Types of Investors
Sometimes we hear stories about intrepid individuals using bootstrapping strategies and investing their own wealth and earnings. However, that strategy is usually unrealistic or downright impossible.
More often than not, fledgling startups need investors. If they don’t secure the required funding, their business is dead in the water before it begins.
But, it’s not only start-ups that need to secure investment. More often than not large corporates need capital for expansion or R&D.
When it comes to funding options, 4 kinds of investors come to mind:
1 Angel Investors
3 Personal investors
4 Venture CapitalistsUsually, these funds are used to introduce a new product to market, expand operations, or upgrade equipment and processes. But, each situation and investor is different, meaning entrepreneurs need to take care before contacting any investor.
Wondering which investor is perfect for your stock? Keep reading about 4 types of investors to consider when on the market for capital.
1 Angel Investors
Angel investment is something we know a lot about. These are typically individuals who use their personal funds, rather than the professionally managed pooled money of Venture Capitalists.
New studies are providing evidence that angel investments are less likely to fail than other traditional forms of initial financing.
Since angel investors are successful entrepreneurs themselves, sometimes they also mentor or advise the business in which they are investing. This usually means that angel investors are interested in industries they understand and have succeeded in.
The benefits of angel investment:
- Can provide much needed funding for a start-up/growth stock
- Gives the ability to raise capital in small amounts
- Flexible agreements and usually immediately implemented
- Opportunities for mentorship from experienced angels
- They are interested in high risk investments i.e. growth stocks
The objective of our campaign was to create consistent and quality investor awareness. We were able to analyse this using a variety of our analytic and tracking tools. The outcome speaks for itself; we were able to create the awareness needed to make hundreds and thousands of new investors research their stock.
Angel investors are options for small businesses and growth stocks.
2 Bank Loans
Possibly one of the more widely known forms of investment. However, due to the mortgage crisis in 2007, it is now more challenging for US-based start-ups to qualify for a bank loan. Low-risk companies usually stand a better chance.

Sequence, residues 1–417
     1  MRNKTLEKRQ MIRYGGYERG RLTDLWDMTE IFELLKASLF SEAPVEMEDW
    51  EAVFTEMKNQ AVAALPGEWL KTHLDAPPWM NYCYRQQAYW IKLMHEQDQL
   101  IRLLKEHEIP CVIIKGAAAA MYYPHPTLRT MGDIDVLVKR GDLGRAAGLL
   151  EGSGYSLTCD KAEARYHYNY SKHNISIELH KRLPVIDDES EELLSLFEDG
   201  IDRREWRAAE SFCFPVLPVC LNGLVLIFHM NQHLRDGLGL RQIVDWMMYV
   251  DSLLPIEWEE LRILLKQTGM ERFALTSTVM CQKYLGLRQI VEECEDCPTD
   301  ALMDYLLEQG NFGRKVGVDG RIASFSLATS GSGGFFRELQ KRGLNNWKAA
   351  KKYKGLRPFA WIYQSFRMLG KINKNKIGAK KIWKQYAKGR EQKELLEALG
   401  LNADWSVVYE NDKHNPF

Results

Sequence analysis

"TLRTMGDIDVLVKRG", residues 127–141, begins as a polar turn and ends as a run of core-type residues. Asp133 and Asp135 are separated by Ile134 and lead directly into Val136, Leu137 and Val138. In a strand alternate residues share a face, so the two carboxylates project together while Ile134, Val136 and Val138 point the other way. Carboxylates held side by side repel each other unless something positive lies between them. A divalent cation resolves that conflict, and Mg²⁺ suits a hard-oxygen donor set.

The bank will typically want to see a comprehensive business plan. Included in your plan must be the following:
- A complete and concise description of your business
- A description of your products and services
- Future growth projections (financial and managerial)
You will also need to prove you are financially responsible. For the best shot, approach a bank you already have a business relationship with.
Banks are options for low risk businesses with a proven record of success.
3 Personal Investors
As the name suggests, personal investors include family and friends. In fact, personal investment represents the largest source of funding, investing over $66 billion annually with an average personal investment of $23,000 per project.
CNN Money states that personal investments should be governed by a contract just like any other. In doing so, it may prevent the inherent issue of mixing family and business.
Sign a promissory note spelling out the terms of the loan, as well as a separate agreement if a partnership is on the table.
Personal investors are options for anyone as long as you are strong enough to separate business from family.
4 Venture Capitalists
Venture Capitalists invest millions in companies by securing a share in the company. The average investment in each company is $2.6 million – larger than any other investment type.
This investor will work with a company who has a solid business plan and generally already has notable success. Very rarely do they invest in start-ups, as the perceived risk is too high.
When investing with a venture capitalist, business owners give up partial ownership of the company. They are often involved in the business decisions and will likely pay a higher ROI to this investor than the cost of interest on a traditional business loan.
When working with a venture capitalist, it is important to establish a detailed partnership agreement that indicates the rights and expectations of each party.
Venture Capitalists are options for established businesses looking at expansion with perceived lower risk.